I learnt just now from our shieldmate Patriactionary that there is a new Hulu reality TV series about ten unspeakably beautiful ‘Muslim-American’ Afghani sisters “sleeping around, causing drama, and getting cosmetic work done.” Lots of cleavage to be seen on the adverts, of course. Plus collagen, and no doubt Botox, makeup out the yin yang, obviously; then also the sultry come hither looks: all the usual stuff.
Feminism versus the Gedanken Policy Test
Few proposals of social reform fail the Gedanken Policy Test as completely and ignominiously as feminism. Clearly, then, any sane society would repudiate feminism.
Not because it hates women, but because it wants to survive; indeed, because it wants more women (the supply of women is the rate limiting factor of social survival: few women → few children → few women … so, women are precious; men on the other hand are cheap, ergo relatively expendable (in war, the hunt, dangerous work, and so forth)).
To recapitulate the Test:
Here’s the experimental set up. Take two experimental subjects. They are two nations, or two peoples, that are exactly similar in every way – same population, same genetic inheritance, same natural resources, same climate, same customs and traditions, same system of political economy, same religion, same technical and industrial capacities, same wealth, same everything. Assume no natural disasters or benisons that afflict or benefit either group differently. Both are faced with exactly the same set of environmental factors.
Having taken this step, you have controlled for all the factors of social success and failure, other than the policy you are interested to test. So, now, you are ready to test your proposed policy. Apply it to one group, but not to the other. Which is more likely to prosper: the group that adopts the proposed policy, or the group that does not?
Notice that we are not asking which group will be nicer or more fair or more just. Justice, fairness and niceness are optional only for societies that have managed to prevail and survive in the competition with their neighbours. We are only asking which group will be wealthier, more powerful, larger and more capable; and which group will have greater morale, commitment, ingenuity, all the moral, emotional and intellectual factors of demographic success. So, it’s purely a question of natural selection; like asking which is likely to do better, as between a pig and a pig with opposable thumbs.
The nifty thing about the Gedanken Policy Test is that it excises from our consideration all questions about how society should be ordered according to some scheme or other, or according to what we think society ought to be. Ideology ain’t in it; nor are any of our preferences or biases. So, the Test can be conducted without rancor, and with no grinding of axes. About its findings, there is no reason to feel either upset or angry, on the one hand, or triumphantly vindicated, on the other: they are what they are.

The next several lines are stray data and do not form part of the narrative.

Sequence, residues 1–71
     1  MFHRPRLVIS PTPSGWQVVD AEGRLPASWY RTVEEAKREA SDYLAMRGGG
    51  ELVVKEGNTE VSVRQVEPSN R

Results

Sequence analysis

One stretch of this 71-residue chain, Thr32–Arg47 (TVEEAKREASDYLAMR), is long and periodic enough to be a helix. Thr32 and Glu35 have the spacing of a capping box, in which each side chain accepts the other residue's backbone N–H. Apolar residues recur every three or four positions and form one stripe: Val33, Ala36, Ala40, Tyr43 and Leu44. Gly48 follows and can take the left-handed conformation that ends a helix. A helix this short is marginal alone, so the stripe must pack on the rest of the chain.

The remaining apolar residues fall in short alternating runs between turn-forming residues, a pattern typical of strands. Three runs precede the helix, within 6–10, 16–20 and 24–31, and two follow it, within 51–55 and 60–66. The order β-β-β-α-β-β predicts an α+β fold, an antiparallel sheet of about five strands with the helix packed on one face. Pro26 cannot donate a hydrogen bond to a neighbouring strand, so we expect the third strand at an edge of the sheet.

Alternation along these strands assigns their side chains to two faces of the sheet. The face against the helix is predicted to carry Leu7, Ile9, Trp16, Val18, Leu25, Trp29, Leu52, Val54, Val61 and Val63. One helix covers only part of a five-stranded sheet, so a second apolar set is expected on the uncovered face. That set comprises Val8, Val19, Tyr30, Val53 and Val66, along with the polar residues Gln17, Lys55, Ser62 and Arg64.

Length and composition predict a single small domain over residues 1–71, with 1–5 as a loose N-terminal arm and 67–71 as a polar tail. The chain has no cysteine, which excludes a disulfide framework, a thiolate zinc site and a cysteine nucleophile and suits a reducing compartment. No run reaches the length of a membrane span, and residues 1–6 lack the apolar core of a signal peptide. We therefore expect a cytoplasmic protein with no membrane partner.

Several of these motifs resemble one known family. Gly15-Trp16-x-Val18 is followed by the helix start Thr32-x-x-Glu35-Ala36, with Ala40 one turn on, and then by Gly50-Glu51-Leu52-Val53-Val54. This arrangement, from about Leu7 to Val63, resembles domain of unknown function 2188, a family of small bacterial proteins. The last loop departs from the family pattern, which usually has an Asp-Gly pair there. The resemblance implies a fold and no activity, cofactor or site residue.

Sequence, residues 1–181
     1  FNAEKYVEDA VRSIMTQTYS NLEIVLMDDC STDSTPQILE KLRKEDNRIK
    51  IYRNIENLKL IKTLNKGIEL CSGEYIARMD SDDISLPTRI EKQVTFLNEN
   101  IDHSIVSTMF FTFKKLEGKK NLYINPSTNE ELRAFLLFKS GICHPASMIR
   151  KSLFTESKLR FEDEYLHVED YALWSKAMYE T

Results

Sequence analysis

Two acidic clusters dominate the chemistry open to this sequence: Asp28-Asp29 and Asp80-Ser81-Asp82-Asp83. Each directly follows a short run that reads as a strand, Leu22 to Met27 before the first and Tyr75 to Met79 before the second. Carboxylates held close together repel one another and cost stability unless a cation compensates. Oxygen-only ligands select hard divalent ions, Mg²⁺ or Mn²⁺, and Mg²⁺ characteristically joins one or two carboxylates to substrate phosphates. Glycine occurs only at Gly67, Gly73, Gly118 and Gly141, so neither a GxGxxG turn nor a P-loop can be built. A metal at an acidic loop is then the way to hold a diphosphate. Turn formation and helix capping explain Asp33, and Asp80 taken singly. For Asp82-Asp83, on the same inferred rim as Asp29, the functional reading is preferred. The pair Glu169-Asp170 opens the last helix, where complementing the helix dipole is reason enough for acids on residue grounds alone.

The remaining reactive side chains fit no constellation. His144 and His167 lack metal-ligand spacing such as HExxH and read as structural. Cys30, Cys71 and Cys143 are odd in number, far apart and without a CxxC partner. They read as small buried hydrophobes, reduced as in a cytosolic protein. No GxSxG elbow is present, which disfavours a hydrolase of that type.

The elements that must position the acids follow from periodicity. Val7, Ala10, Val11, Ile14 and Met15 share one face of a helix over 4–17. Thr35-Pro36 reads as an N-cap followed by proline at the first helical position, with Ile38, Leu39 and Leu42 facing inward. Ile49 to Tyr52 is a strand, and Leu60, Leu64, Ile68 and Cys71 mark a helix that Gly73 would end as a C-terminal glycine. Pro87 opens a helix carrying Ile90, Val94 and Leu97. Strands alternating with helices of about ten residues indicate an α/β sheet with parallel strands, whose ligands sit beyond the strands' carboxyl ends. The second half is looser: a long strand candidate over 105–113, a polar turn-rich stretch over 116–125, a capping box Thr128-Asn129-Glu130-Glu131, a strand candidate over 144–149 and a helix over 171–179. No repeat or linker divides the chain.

OK then: how does latter day feminism fare under the Test?
The King is a Traditionalist
And he has apparently been reading deeply in the traditionalist canon for many years. The address below was recorded in 2016.
His advocacy of traditional architecture is of course quite well known. And, of course, impudently scorned by the apostles of architectural modernism.
It will be interesting to see how hard the glitterati work to ridicule him. Now that he’s King, it is likely to start in earnest. They’ve been after him for decades already, of course, as a dolt, and a poltroon, a weakling and a fool. My earliest impression, from my boyhood, was their avowed conviction that Charles is a dunce. But that sort of ad hominem attack is of course in complete concord with their determination to destroy every institution of the West whatsoever. It is formally analogous to their toppling of the statues of our cultural heroes. In his very body, Charles is an exponent of the Traditional Order: that suffices to his immolation on the altar of the Modern.
It has nothing necessarily to do with Charles himself.
This is evident from his address which I here post. Charles is in it revealed as a thoughtful, careful man, who grapples with history from the deepest, widest, highest perspective.
It is the sort of perspective we should all want from a king. It is the sort of perspective to which kings are purposed, and called; it is the perspective proper to their offices.
God Save the Queen! Long Live the Queen!
May the Queen live forever! Alleluia, alleluia, alleluia, Amen! Alleluia, Amen.
O Lord, succor now thy servant Elizabeth. May thine angels carry her unto thine everlasting rest. May she live forever with thee, in peace and tranquility – aye, and in grand adventure, that thrills her heart even as it comforts her, and quiets, and lo, ever more dignifies.
Thanks be to God for Elizabeth II. Grant now O Lord fit successors to her throne. Long and ever may it increase in power, might, justice, and majesty.
May God save Great Britain. May God save the West.
Amen, Amen; Alleluia, Amen.
And, now, of course: God Save the King! Long Live the King! May the King Live Forever! Amen, Amen.
Superstition & Subscendence: An Essay in Honor of Tom Bertonneau
Bear with me here. I hardly know where I am going with this, although I feel I have caught the spoor of something Tom would find delightful – that he would join with me joyfully in this new hunt. I’m confused because all I have is that spoor, and my spirits are in a hurry and a muddle due to his too soon death. I miss my friend of many years – of too few! I am not yet sure how to do with the world that, henceforth, shall miss him.